Have you ever considered doing something “spiritual,” like a yoga class or meditating, but didn’t because you don’t think of yourself as “that kinda person?” Or have you ever caught yourself five episodes deep in some TV series thinking about how much that choice clashes with your spirituality? Or how about the reverse–have you ever stopped yourself from doing something you felt to do because you thought it wasn’t spiritual enough?
No matter what siphons us off from either our spirituality or our desires, there’s a common thread: the belief that spirituality is a compartmentalized area of our lives. From that belief comes the idea that some of us are spiritual, and some of us are not. Some things are spiritual, and other things are not. And the further along we go on that trip, the more that belief becomes an excuse for not going deeper into our spirituality and living a more full life.
The thing is, real spirituality is when the spiritual practice is all of life itself, from eating pizza, watching TV, and finding ourselves in arguments to meditating, being with friends, and communicating with love. Indeed, when we are fully present with these moments, and we are soaking them up for all they are worth–willing to learn, grow, be accountable, and keep returning to love–then we are in an intimate union and a reverent flow with life that can only be spiritual.
To be sure, spiritual experiences aren’t all bliss, glitter, and angelic harps on repeat. That idea only fuels the excuse that when there isn’t obvious sacred beauty, then well, this isn’t meaningful or spiritual and therefore, it has no value for me. Let’s be clear, spiritual experiences include all of it: the dirt, the tears, the confusion, the mundane, the profane, and the glorious. The meaningfulness is always there for us to tap into, so long as we are present, vulnerable, and accountable for ourselves.
So, what can we do to more easily connect the sacred meaningfulness of life through the less obviously “spiritual” moments?
1. Get Present
In most moments, we are in the past or the future and anywhere but here. We are present when we collect all of our attention and orient completely into the moment that is here, now. When we engage with the mundane moments of life as an opportunity to anchor our presence in our bodies, then we are helping ourselves to remain in that space of clarity that serves us so greatly in our lives. For example, as you drink your morning coffee, drink it slowly—feel the warmth of the liquid on your tongue—feel it slide back your tongue and into your throat. Breathe deeply in between your sips. This is the way of anchoring your presence in your body, and you can do it in every moment of life.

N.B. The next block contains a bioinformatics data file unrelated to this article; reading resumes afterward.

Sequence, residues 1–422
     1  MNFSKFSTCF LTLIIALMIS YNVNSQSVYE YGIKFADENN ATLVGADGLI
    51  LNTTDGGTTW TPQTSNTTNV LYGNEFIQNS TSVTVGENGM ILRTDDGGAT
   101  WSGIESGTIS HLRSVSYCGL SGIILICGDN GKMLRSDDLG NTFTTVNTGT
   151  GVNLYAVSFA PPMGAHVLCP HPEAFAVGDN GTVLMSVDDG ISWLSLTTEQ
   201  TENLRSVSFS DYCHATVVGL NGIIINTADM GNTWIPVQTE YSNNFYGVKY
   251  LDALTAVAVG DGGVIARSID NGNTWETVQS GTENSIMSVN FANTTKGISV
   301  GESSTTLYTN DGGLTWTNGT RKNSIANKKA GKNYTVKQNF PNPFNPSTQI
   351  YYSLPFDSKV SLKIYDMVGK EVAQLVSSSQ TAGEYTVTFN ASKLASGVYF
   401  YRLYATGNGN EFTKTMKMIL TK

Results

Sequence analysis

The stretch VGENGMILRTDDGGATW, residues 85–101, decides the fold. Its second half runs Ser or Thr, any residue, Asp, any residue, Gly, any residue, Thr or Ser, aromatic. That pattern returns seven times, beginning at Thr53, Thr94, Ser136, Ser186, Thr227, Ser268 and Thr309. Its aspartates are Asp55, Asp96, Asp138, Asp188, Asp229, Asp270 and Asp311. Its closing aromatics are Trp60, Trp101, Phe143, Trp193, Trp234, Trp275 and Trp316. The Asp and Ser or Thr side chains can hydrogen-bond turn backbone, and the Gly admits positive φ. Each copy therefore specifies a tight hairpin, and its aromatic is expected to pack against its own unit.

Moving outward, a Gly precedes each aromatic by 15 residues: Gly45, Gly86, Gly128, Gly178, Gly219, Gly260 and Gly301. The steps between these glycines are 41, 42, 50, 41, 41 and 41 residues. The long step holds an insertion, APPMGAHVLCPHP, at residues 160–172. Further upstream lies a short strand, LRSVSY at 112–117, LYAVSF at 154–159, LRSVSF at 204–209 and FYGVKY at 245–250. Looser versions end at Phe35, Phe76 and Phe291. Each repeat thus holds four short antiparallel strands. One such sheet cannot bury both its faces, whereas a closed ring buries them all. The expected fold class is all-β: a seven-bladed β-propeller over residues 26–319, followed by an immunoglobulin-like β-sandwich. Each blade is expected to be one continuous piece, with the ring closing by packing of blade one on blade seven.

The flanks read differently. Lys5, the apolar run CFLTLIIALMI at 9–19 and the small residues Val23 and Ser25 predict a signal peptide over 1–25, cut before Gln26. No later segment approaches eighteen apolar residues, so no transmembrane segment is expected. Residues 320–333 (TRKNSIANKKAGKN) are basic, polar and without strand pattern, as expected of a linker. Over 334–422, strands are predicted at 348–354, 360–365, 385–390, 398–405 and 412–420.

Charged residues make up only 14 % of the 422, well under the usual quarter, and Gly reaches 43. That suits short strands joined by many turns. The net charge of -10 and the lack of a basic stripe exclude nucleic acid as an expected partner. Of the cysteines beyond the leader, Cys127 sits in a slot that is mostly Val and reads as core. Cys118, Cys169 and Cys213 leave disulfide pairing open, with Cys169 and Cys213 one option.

2. Confront Your Ideas
Most of us have all sorts of ideas about nearly everything. The thing is, those ideas often prevent us from clearly seeing what is actually happening in the present moment. When you catch yourself being limited by a belief, such as I shouldn’t be honest about how I feel (because that would be unsafe/inappropriate) or, another common one, I should work 24/7 because that is what it takes to be successful (and therefore, I must sacrifice my needs), be bold enough to face it. Be courageous enough to explore the possibility that it is not true. Be brave enough to experience what happens when you allow that belief to fall away, and instead, allow yourself to simply be present, vulnerable, and open to whatever the moment is inviting you into for your growth and your joy.
3. Explore Your Vulnerability
We are all vulnerable beings, from the sternest CEO to the most sensitive child. Denying or rejecting our vulnerability only makes us feel cut off from our divine nature and the kindness of life. So first, accept the simple fact that you are vulnerable.
Once we have accepted our vulnerability, we are in a place to discover meaning. For example, if I feel angry when my partner goes out with his friends, perhaps when I explore that feeling, I might discover that it is triggering an abandonment wound from childhood. Because of that insight, I would have an opportunity to help any old pain be released and resolved. Or perhaps I discover that I feel anger because I am in need of more quality time with him, and for realizing that, have an opportunity to express that in a healthy way.
The point is, only once our vulnerability is explored can we walk the bridge to meaning. It is always taking us deeper into ourselves and into our power to live a life that fulfills our hearts.
So rejoice, we’re all spiritual and it’s all spiritual, and that means we have endless opportunities to co-create with life in a way that fulfills our hearts. I’ll drink to that!
Tehya Sky is a spiritual teacher and healing facilitator who offers retreats and workshops internationally. She is the author of the forthcoming book, A Ceremony Called Life: When Your Morning Coffee Is as Sacred as Holy Water (Sounds True, July 2016). Sky lives in the San Francisco Bay Area. For more, visit tehyasky.com, or on Twitter: @TehyaSky.